Is there a connection between oral care and Alzheimer’s? Some scientists believe there is.
Caring for our teeth yields a lot of benefits and prevents quite a few serious conditions. We get to enjoy healthy, strong, functional teeth, and many of us feel more confident in our smiles when our teeth are well-maintained. Along with that, gum infections, cavities, and other painful dental issues are avoided.
Dental care is important for people of all ages, but children and seniors especially. In fact, children and seniors are more prone to tooth decay, making them targets for opportunistic bacteria. Most bacteria are harmless when we brush, floss, and drink water regularly. However, some bacteria can cause serious problems when they begin to flourish in our mouths and gums.
Seniors, in particular, are at risk when they develop gum infections since recent studies show that oral health and Alzheimer’s have an undeniable link.
Gum Disease, Oral Health, and Alzheimer’s
While it might seem impossible that bacteria from our gums can end up in our brains, it’s entirely possible and even scientifically proven. Most cases of gum disease are caused by a bacterium called P. gingivalis, which has been shown to migrate to the brain and destroy nerve cells.
This can lead to symptoms synonymous with Alzheimer’s disease. Obviously, it’s just one link and contributing factor to mental decline and Alzheimer’s, but it is one worth noting. It’s considerably troubling when you consider how many seniors have untreated gum disease, and how few of them seek treatment for this condition.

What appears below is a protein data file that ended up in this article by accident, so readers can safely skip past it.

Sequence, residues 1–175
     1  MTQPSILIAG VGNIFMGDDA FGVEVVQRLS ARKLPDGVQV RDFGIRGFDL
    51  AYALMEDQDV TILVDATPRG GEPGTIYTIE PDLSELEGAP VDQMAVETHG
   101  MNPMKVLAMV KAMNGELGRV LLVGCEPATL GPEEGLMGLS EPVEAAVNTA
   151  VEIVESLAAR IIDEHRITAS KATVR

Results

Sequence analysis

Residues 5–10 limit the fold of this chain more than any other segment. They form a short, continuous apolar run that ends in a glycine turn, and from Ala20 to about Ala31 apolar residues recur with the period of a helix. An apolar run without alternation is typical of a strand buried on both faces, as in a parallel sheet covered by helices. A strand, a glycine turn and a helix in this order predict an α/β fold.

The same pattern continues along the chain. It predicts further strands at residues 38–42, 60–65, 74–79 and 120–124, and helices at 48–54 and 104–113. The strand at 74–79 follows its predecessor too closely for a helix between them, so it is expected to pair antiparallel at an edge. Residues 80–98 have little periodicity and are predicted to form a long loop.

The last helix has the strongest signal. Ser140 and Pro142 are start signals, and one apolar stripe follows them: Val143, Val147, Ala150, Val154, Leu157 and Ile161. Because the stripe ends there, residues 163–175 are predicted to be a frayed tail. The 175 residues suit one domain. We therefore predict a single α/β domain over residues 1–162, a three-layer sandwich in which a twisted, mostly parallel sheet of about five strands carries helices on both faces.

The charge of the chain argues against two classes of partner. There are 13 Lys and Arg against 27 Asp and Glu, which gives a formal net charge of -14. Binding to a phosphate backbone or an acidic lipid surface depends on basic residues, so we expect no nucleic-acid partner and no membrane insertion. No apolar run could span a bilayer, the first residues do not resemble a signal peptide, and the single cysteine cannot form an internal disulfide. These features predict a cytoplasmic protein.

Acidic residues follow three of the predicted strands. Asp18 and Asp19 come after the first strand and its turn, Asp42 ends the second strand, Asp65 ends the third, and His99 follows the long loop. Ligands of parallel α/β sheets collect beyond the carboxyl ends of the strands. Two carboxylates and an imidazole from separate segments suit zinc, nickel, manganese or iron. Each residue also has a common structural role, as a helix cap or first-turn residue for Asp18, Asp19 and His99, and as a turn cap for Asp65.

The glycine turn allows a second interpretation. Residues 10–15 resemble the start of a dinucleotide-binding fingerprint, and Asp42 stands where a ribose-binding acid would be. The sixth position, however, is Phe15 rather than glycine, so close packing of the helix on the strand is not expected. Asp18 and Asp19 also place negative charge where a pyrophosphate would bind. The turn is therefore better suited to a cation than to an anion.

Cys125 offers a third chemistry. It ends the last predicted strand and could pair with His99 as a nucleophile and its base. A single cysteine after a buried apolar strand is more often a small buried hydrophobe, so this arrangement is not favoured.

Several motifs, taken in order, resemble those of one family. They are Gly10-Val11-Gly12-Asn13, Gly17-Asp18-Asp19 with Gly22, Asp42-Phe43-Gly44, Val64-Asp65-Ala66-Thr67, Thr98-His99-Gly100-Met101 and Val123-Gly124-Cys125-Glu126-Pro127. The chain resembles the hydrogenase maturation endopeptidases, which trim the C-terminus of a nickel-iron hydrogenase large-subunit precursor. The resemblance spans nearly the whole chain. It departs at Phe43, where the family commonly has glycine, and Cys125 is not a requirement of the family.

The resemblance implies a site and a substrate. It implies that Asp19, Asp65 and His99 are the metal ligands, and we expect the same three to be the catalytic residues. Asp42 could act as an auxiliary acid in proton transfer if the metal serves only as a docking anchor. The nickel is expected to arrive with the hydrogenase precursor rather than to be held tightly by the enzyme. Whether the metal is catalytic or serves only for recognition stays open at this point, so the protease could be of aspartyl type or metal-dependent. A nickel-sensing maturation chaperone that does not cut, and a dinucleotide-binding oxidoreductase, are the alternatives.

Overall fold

While this sounds like a nightmare scenario, it takes a while to happen and is avoidable. A mild case of gingivitis doesn’t mark you for the rest of your life. Gum disease can be reversed and treated, and not everyone with gum disease develops Alzheimer’s.
That doesn’t mean you shouldn’t be concerned with your oral health and Alzheimer’s, however, since your teeth have a tremendous impact on other aspects of your mental health as well.
Mental Health, Teeth, and Alzheimer’s
If you’ve ever felt self-conscious about your teeth, you might understand how it can lead others to avoid social interactions. Many people who experience mild to severe tooth loss report feeling depressed or shy about smiling, speaking, and interacting with others. For seniors, social isolation, depression, and loneliness can play a serious role in the development of dementia.
For this reason, oral care and Alzheimer’s have another link. We feel our best when we look our best, and proper oral hygiene is a large part of this. Taking care of our teeth can have a significant impact on how we feel and present ourselves and talking with others provides vital stimulation to the brain. You might be surprised by how much self-confidence and socialization contributes to our mental health.
Brushing, flossing, mouth moisture, and ditching bad habits are all a part of oral hygiene, along with getting regular dental care. If you don’t already have a reliable dentist, or want to switch to a new one, Danville Family Dentistry might be the contact you need. You can reach us at 317-745-4400, where you can have a chat, ask questions, and schedule an appointment.
Disclaimer: The information included in this article is for educational purposes only. It should not be used as a substitute for professional medical advice, diagnosis or treatment.